Monday, June 2, 2008

Do you have a Family Health Portrait?

I was reorganizing some of my computer file folders the other day and ran across a file called MyFamilyHistory.htm in my Randy's Ancestry folder. My first thought was "Hmmm, what in the world is that? It's pretty small - has my whole family history been reduced to 22 kb?"

So I clicked on it and a web page titled "My Family Health Portrait" opened up. I remember doing this back in November 2006, and saving it, so I updated it a bit with what I know about my children, myself, my parents, my siblings and my grandparents.

With this data included in my file, I can create a family tree drawing and a family tree chart, both with indications of the diseases that everyone on the tree experienced. I can also add more family members, edit my own health history information (I updated my age and weight), and "manage" diseases that are tracked throughout the family.

Unfortunately, I now realize that I don't know that much about the health history of my grandparents, aunts and uncles. And they are all deceased. I'm going to ask my cousins about the health issues of my Seaver great-grandparents, grandparents, aunts and uncle. My mother was an only child, so I need to delve into the boxes of stuff I have to see if there are records for my mother's parents and grandparents.

The Surgeon General of the United States announced a Family History Initiative two years ago that said:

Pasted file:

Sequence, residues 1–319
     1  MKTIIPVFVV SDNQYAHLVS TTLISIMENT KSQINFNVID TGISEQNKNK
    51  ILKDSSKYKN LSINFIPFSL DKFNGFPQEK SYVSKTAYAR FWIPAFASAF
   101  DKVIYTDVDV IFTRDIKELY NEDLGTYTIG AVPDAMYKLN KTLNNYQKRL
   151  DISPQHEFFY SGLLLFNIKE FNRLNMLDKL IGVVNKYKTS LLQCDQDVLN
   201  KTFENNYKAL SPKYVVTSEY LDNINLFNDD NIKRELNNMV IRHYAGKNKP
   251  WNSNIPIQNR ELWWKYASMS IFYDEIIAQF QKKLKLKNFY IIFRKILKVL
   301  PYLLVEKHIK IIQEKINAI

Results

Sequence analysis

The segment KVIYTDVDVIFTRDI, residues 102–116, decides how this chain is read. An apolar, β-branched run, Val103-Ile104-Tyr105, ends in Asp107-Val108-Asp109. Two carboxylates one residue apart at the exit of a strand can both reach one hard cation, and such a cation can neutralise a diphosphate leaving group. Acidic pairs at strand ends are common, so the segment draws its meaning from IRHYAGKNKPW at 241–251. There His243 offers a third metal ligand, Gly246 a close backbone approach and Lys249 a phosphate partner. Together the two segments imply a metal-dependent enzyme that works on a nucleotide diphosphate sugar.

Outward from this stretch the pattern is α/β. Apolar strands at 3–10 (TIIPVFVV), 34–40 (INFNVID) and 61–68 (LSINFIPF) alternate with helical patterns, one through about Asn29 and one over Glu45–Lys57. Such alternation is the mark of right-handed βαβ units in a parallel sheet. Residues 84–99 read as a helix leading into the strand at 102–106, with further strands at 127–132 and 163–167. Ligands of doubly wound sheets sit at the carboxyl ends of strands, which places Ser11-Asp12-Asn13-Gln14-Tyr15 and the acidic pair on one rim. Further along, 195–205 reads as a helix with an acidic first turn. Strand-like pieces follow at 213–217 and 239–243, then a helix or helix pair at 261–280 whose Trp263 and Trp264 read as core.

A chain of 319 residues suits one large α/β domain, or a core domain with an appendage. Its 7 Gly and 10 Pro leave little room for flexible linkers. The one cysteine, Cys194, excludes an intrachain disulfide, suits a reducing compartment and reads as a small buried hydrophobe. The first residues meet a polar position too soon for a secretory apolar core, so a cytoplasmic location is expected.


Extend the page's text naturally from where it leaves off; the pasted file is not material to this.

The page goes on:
"Health care professionals have known for a long time that common diseases - heart disease, cancer, and diabetes - and even rare diseases - like hemophilia, cystic fibrosis, and sickle cell anemia - can run in families. If one generation of a family has high blood pressure, it is not unusual for the next generation to have similarly high blood pressure. Tracing the illnesses suffered by your parents, grandparents, and other blood relatives can help your doctor predict the disorders to which you may be at risk and take action to keep you and your family healthy. "

and ...

"Americans know that family history is important to health. A recent survey found that 96 percent of Americans believe that knowing their family history is important. Yet, the same survey found that only one-third of Americans have ever tried to gather and write down their family's health history.

"Because family health history is such a powerful screening tool, the Surgeon General has created a new computerized tool to help make it fun and easy for anyone to create a sophisticated portrait of their family's health.

"This new, revised version of the tool, called "My Family Health Portrait" is a web-enabled program that runs on any computer that's connected to the web and running an up-to-date version of any major Internet browser. "

The tool is freely available at the HHS web site You can download a form to your computer at A sample health history portrait drawing and table are at View a sample report (PDF).

This is a useful exercise, and since you can save it to your own computer, it is completely private.

Have you created your own Family Health Portrait? You never know, it may reveal details about your family's health history that can save or prolong your own life.

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